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1. PHONETICS AND PHONOLOGY Phonetics is an empirical science which studies human speech sounds. It tells us how sounds are produced, thus describing the articulatory and acoustic properties of sounds, and furnishes us with methods for their classification. It does not form part of linguistics. Vowels are made up of formants (a number of different frequencies), the most dominant of which combine to produce their distinctive qualities. Only the first two formants are essential for the identification of a vowel. Phonetics is divided into three main branches: (i) ARTICULATORY PHONETICS, which studies the nature and limits of the human ability to produce speech sounds and describes the way these sounds are delivered; ACOUSTIC PHONETICS; which studies the physical properties of speech sound (e.g. pitch, frequency and amplitude) during transmission from speaker to hearer (from mouth to ear); AUDITORY PHONETICS; which is concerned with hearing and the perception of speech, or our response to speech sounds as received through the ear and brain.



Phonology is a branch of linguistics. If phonetics provides descriptions of sounds and ways of classifying them, phonology is a kind of functional phonetics which employs this data to study the sound systems of languages. The sounds which are used vary from language to language, and within each language these sounds resolve themselves into families and form a system of contrasts. Phonemes are the basic units of phonology, and have a semantic value in that they serve to distinguish words in English. The similar but non-contrastive sounds are called allophones (e.g. clear l and dark l). When allophones do not occupy the same position in words, we say they are in complementary distribution. The opposite of complementary distribution is free variation. Words which are distinguished by one phoneme are called minimal pairs. Phonology is also concerned with phonotactics; which are statements of permissible strings of phonemes. Phonotactics deals not only with the way

consonants combine but also with the position consonants and vowels may occupy in the syllable or word. Phonetics deals with the rules which govern the use of allophones. The basic notions in phonology are unit, realization and distribution. In phonology the unit is the phoneme, the realizations are the allophones, which are the actual exponents of this abstract class labeled phoneme, and the allophones have a particular distribution. Phonetics and phonology complement one another and there is considerable overlap. 2. THE ORGANS OF SPEECH There are three stages in the production of speech sounds: Initiation Use of an air-stream mechanism, usually pulmonic, to initiate the production of speech sound. Phonation Use of the larynx, aid by an airstream, to produce sound that will be modified by the remaining speech organs above it. Articulation Use of the organs in the supralaryngeal or suppraglotal vocal tract or cavities. These cavities act as resonants for the sound generated by the larynx.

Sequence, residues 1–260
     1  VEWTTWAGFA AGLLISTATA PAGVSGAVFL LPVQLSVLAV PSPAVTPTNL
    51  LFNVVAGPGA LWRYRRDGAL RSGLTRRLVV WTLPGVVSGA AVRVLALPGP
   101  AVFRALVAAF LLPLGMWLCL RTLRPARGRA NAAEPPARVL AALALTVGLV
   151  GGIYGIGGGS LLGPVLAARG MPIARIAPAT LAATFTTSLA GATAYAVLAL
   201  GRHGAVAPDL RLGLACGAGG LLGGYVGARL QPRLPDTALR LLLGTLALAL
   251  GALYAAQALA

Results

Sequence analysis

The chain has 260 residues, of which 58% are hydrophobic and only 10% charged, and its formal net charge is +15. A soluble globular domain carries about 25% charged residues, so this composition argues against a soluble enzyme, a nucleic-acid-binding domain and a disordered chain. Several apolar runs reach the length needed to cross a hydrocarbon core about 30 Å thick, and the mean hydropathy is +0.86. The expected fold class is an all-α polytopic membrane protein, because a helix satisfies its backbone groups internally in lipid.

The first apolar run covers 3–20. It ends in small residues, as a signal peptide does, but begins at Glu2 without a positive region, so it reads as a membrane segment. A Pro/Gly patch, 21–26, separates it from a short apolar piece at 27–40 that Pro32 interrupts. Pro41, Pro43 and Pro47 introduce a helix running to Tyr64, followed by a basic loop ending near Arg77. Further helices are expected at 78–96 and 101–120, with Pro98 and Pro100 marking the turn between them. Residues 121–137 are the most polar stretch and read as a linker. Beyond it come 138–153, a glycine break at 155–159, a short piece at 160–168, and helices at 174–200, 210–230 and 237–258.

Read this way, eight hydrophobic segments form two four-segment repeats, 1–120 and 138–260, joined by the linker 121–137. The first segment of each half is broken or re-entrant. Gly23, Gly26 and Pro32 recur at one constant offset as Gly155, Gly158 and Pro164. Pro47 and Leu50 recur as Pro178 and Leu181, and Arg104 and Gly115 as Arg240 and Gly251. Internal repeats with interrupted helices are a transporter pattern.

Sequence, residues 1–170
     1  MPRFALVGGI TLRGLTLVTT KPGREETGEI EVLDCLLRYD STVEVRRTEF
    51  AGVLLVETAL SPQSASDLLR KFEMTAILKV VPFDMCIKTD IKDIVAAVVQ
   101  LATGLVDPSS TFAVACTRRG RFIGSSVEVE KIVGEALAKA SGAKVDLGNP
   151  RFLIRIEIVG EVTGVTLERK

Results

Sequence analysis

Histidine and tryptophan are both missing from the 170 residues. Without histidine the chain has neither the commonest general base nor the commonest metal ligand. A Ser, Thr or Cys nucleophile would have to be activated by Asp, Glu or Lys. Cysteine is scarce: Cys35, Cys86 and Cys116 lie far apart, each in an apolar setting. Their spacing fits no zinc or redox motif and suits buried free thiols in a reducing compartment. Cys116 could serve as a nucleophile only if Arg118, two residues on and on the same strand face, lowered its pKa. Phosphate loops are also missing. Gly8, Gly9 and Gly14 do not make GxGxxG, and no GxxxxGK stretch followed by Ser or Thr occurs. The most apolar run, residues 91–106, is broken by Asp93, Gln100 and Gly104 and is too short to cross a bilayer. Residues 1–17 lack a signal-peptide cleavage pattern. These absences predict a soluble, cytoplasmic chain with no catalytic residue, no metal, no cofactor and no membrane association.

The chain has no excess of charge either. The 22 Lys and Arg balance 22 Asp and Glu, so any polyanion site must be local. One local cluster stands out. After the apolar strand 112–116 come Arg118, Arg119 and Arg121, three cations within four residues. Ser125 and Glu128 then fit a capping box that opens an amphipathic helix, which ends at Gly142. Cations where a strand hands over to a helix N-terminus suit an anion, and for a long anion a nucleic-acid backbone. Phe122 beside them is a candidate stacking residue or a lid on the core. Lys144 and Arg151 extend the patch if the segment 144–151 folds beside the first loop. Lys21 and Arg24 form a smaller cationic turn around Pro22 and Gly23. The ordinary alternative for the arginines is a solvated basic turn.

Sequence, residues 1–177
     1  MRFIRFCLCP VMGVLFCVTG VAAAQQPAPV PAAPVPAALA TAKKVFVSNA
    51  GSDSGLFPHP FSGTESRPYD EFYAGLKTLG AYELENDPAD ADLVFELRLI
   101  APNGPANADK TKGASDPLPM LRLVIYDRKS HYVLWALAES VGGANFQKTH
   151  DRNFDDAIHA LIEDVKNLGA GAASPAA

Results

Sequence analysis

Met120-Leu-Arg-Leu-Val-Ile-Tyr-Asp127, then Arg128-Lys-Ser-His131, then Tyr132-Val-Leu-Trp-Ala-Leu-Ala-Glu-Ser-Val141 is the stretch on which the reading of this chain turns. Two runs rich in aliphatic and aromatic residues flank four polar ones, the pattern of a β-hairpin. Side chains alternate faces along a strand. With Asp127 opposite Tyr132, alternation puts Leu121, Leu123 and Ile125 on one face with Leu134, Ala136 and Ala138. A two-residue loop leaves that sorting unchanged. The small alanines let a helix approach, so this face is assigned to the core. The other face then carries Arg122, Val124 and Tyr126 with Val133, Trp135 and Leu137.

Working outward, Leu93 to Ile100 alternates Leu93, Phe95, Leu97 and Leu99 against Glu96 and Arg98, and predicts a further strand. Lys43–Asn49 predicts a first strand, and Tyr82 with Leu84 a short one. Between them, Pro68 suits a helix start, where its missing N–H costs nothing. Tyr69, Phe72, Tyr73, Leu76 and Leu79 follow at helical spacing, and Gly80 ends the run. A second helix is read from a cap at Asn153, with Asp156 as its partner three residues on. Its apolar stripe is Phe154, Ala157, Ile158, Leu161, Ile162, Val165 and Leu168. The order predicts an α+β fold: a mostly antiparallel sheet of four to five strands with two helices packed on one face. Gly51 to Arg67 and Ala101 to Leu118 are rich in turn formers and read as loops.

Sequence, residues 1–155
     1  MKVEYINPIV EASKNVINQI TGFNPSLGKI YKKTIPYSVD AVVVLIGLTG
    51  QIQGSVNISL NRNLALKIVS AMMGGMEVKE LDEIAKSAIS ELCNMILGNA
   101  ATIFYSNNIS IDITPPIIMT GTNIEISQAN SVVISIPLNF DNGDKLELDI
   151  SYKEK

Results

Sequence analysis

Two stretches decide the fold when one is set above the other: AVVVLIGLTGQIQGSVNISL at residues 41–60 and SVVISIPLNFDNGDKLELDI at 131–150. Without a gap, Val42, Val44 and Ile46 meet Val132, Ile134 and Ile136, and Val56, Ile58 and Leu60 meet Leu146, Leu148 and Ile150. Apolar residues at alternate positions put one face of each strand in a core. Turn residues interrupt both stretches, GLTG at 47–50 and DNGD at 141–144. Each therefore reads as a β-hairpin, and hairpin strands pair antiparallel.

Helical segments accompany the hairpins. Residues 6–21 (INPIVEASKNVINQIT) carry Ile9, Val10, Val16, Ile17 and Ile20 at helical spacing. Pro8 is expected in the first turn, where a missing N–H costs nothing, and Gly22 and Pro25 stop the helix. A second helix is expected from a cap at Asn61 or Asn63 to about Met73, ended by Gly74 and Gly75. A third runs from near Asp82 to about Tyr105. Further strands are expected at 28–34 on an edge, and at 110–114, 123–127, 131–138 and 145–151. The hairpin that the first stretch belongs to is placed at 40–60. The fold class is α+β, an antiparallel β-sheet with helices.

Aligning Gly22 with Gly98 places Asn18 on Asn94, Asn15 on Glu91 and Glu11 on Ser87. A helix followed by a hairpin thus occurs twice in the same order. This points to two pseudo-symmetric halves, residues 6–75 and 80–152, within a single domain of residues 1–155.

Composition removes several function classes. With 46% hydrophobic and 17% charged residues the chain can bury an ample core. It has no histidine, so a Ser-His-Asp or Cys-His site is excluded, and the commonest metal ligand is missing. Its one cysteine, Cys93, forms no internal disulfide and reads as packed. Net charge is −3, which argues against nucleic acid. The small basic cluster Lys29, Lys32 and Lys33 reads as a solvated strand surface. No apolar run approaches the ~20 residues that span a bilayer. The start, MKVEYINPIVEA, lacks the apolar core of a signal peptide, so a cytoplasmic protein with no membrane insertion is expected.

Most speech sounds are produced on a (pulmonic) egressive air steam, that is, while we are breathing out, but it is also possible to speak on an ingressive air stream, which we do sometimes when we are sobbing, gasping for breath, expressing sympathy or showing pain. The types of non-pulmonic sounds known as clicks and implosives are also made by drawing air in, rather than exhaling. The tongue makes contact with the roof of the mouth at two places, one being the velum, and a vacuum is created. When air is allowed in to fill the vacuum, a sound which we call a click is created. Ejectives are the complete opposite of implosives. Made on a glottalic egressive airstream, the larynx is raised to compress the air trapped in the mouth and pharynx between the closed glottis and the oral place of articulation before it is released. The larynx is the hard casing around the vocal folds/cords. It protects the folds from damage and, as it is a kind of valve in between the lungs and mouth, it plays an essential role in speech production, eating and breathing. The vocal cords are two bands of elastic tissue lying horizontally across the larynx from back to front. They are joined at the front. At the back, the folds are connected to the arytenoid cartilages, which may be made to move

apart, thus opening the folds in a triangular shape. The opening between the folds is known as the glottis. Wide open and no vibration we produce unvoiced sounds Close together and vibrating we produce voiced sounds (vowels are voiced)

Frequency Speed of vibration of the vocal folds. It is measured in Hertz (Hz). Intensity power transmitted along a sound wave. It is measured in decibels (dB) Mode of vibration Normal voice (modal voice) an average amount of air is escaping from the lungs; this is the mode we use the most of the time when we are speaking. Creaky voice (glottal fry) is produced when we are speaking under our breath, or to avoid disturbing people in the vicinity of our conversation, or in order to keep a conversation private. It is also used by ventriloquists. Breathy voice Opposite of creaky voice. We use strong breath force and expel the air rapidly from the lungs, in no more than two seconds. Library voice (whisper or murmur) The vocal folds vibrate but there is a considerable opening through which quite a lot of air scapes at the end of the folds beside the arytenoid cartilage.

Amplitude of vibration The wider the folds move apart in the open phase, the louder the sound will be. When the vocal cords are tightly shut so that the air from the lungs builds up behind them, a glottal stop is produced.